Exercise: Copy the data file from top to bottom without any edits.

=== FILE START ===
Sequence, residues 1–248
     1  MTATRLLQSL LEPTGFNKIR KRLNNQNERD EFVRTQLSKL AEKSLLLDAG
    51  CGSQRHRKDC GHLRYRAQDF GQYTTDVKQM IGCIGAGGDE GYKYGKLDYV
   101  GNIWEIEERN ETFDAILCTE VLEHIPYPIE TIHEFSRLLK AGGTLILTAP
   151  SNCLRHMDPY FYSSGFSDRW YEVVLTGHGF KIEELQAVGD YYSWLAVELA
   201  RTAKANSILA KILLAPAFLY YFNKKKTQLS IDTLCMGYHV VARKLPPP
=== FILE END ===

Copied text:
Sequence, residues 1–248
     1  MTATRLLQSL LEPTGFNKIR KRLNNQNERD EFVRTQLSKL AEKSLLLDAG
    51  CGSQRHRKDC GHLRYRAQDF GQYTTDVKQM IGCIGAGGDE GYKYGKLDYV
   101  GNIWEIEERN ETFDAILCTE VLEHIPYPIE TIHEFSRLLK AGGTLILTAP
   151  SNCLRHMDPY FYSSGFSDRW YEVVLTGHGF KIEELQAVGD YYSWLAVELA
   201  RTAKANSILA KILLAPAFLY YFNKKKTQLS IDTLCMGYHV VARKLPPP